“When the pace of change outside an organization becomes greater than the pace of change inside the organization, the end is near.”
John R. Walter, President, ATT
Our current situation is in turmoil. We are facing the most significant recession since the 1930’s, we see businesses closing or cutting back. So far at least half of the financial bailout hasn’t yielded significant results. Banks are still not lending.
Here are a few other “pre-meltdown” considerations for you as well-
Eric Allenbaugh, a Lake Oswego based managed consultant published an article describing the three primary cultures represented in corporate America-
- The “Glazed Eye Group”- this group is most recognizable through their lack of spirit and vitality. They are adept at explaining why something can’t be done, make excuses and avoid taking risks or being accountable at all costs. Here is the really bad news, Allenbaugh estimates this population at 54% of the American workforce and as they range from neutral to mildly negative they don’t take proactive action to improve their situation. Let me be specific here, what I mean is they don’t leave under their own power; they stay and drain the energy out of your organization.
- The “Beady Eyed Group”- this is the group that is actively disengaged. They are your corporate terrorists. They actively seek out the flaws and the negative and “spread the wealth”, sharing their negative energy and disenchantment with everybody. Although they represent only about 17% of the workforce their impact is disproportionate, they consume huge amounts of managerial energy and investment. They are not interested in finding solutions and improving things. By the way, they are also not significantly more likely to seek alternative employment either. Since “life sucks” they figure it’s all the same why go to the work of changing
- The “Bright Eyed Group”- this is the group you want, period. These folks are engaged, they buy into your mission, values, and vision. They embrace change, look for opportunities to improve their skills and aptitudes and embrace personal accountability. The unfortunate part is that they represent only about 29% of the current workforce.
Before I talk about solutions I want to share a little more perspective with you to create the sense of urgency we need, the cost of “presenteeism”.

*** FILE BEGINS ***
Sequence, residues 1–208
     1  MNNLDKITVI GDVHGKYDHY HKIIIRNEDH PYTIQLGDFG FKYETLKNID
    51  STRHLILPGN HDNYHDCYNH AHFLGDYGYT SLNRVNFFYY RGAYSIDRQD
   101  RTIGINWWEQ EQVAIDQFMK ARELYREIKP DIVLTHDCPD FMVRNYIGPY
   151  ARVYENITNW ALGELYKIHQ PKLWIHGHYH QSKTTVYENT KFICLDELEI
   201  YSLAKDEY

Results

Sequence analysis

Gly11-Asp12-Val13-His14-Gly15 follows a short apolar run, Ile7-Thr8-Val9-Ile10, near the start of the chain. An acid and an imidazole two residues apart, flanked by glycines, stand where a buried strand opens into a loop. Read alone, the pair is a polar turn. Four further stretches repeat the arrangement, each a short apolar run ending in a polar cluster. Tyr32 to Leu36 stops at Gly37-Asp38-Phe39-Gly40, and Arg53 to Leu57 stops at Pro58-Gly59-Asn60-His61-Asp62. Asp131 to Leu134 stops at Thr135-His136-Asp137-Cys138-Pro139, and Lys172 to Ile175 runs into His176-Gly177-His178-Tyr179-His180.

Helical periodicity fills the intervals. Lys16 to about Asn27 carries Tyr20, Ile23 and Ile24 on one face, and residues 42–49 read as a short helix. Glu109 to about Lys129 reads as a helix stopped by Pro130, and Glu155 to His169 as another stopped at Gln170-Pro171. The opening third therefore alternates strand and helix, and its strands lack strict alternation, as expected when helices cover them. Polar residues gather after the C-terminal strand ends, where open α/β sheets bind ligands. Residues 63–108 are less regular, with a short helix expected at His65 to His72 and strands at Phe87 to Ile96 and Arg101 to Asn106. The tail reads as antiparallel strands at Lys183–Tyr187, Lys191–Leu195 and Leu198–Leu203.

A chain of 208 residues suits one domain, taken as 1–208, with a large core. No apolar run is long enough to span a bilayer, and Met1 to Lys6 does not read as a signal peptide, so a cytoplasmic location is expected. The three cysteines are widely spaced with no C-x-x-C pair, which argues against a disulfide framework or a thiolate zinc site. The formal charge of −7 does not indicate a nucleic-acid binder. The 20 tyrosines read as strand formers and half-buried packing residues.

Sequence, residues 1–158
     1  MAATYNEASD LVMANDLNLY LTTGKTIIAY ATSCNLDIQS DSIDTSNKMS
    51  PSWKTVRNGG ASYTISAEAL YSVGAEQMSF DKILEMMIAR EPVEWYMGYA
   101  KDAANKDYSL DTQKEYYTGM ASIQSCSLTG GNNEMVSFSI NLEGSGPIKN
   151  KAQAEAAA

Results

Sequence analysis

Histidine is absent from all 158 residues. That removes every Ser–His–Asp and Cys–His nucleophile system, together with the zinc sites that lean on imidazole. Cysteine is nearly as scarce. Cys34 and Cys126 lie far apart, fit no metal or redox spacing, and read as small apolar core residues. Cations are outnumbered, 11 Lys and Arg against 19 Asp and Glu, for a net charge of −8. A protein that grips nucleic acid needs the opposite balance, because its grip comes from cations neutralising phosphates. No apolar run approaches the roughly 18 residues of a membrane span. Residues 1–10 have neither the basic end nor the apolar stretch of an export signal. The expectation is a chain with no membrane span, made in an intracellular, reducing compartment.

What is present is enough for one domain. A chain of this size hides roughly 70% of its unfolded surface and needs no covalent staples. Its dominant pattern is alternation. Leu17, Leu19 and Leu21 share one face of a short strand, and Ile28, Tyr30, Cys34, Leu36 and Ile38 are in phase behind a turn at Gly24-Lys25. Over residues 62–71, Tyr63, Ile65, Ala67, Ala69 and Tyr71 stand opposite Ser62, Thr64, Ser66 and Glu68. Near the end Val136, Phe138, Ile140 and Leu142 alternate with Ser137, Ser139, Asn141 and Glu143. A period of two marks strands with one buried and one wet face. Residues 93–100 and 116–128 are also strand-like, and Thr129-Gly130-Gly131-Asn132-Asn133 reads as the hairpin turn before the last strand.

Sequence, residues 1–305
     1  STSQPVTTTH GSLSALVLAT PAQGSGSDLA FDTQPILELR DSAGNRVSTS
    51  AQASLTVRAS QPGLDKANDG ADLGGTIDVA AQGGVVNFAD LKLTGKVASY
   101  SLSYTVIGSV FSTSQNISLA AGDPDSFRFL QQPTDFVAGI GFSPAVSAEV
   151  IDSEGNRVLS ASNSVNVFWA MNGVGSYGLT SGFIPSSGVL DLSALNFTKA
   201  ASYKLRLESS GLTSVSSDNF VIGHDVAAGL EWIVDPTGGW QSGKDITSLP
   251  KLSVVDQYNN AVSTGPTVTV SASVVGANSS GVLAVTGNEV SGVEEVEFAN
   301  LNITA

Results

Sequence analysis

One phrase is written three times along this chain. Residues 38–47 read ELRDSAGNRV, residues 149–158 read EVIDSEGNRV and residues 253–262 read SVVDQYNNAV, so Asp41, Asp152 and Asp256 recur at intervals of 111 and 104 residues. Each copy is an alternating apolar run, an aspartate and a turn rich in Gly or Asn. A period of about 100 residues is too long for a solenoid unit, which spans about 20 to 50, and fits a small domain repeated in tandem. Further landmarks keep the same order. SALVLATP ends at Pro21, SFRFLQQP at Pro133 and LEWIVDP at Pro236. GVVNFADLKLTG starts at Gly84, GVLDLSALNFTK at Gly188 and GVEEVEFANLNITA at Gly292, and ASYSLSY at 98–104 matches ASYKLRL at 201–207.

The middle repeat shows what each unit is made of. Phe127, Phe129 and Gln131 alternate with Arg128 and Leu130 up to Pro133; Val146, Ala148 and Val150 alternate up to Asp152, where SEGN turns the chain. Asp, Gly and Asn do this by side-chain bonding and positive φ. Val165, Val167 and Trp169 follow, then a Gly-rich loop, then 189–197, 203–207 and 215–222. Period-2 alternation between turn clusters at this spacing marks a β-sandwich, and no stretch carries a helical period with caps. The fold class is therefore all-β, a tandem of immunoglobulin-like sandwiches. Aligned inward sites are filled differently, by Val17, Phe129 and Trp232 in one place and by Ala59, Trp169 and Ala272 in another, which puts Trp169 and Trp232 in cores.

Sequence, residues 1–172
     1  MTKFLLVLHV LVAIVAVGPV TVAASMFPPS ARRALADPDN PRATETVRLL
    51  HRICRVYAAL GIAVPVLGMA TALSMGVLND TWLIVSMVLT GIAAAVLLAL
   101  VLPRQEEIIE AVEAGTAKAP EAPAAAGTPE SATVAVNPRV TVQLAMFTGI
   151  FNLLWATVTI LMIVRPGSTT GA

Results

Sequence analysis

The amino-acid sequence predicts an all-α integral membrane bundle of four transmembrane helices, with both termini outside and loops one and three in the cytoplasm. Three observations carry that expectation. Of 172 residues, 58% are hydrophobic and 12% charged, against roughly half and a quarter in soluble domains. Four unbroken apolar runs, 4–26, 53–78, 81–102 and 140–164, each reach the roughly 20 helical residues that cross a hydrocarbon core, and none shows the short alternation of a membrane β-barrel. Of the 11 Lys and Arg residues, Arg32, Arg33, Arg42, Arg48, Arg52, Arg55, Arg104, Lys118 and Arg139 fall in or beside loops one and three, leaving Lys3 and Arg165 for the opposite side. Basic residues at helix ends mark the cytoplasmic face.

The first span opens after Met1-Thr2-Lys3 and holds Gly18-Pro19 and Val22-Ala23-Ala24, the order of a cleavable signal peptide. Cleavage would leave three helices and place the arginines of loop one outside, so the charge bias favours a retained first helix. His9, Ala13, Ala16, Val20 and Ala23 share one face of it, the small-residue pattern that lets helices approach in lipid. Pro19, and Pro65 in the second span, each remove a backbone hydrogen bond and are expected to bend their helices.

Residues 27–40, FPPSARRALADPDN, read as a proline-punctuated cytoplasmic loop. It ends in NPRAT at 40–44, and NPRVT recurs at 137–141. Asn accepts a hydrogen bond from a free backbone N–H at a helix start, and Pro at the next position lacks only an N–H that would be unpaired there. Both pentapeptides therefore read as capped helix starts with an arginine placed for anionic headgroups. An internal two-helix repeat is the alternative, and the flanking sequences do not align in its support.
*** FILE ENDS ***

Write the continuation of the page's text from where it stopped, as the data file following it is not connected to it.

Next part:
A recent study by Cigna Healthcare provided some pretty startling statistics:
- U.S. workers reported that they spend two to five hours per week resolving personal issues at work, a productivity loss of 5 to 12%
- 61% of U.S. workers have reported to work while they were ill or dealing with personal matters
- Of that group, 62% felt that they were noticeably less productive or attentive to their duties
- 46% missed at least one day of work in the preceding six months, with 22% of those absences related to family matters
In “HR speak” we call this phenomenon – “presenteeism”.
A different study by the National Mental Health Association estimated that the costs of this productivity loss are over $200 billion annually. Let’s put that in perspective that means in three and a half years we have reached the point where these losses are equal to the Federal bailout!
Now I want to make another point, these losses were calculated before we entered our current financial crisis! I would venture to say that the scores have not improved over the last few months.
So now that I hopefully have your attention let’s talk about some solutions you can take to address this issue. While I talk about them in much more detail in my new book, Managing Whole People, I’ll give you an overview here:
- Hire Hard- Manage Easy- my friend and colleague Joseph Skursky of Market Leader Solutions, uses this motto as the basis of his recruitment and selection system. I describe it briefly in Hire Right! The point is be careful about who you let in your lifeboat! Starting with the right folks makes it a whole lot easier, trust me!
- Create An Appropriate Culture- I have spent the last fifteen years refining my model – Moving from Compliance to Commitment™. It is composed of five elements: respect, responsibility, information, rewards and loyalty. My premise is simple; people join and stay with cultures, not organizations. As leaders you are the guardian of the culture. You notice I say join up. They make an affirmative choice to join up or commit to you. Ken Matejka describes commitment like this:
“Commitment is the act of being physically, psychologically, and emotionally impelled. It means that employees gladly give up other options.”
Ken Matejka Why This Horse Won’t Drink 1991
Now think of those “glazed and beady eyed” folks I described previously and tell me that physically, psychologically, and emotionally impelled doesn’t sound better!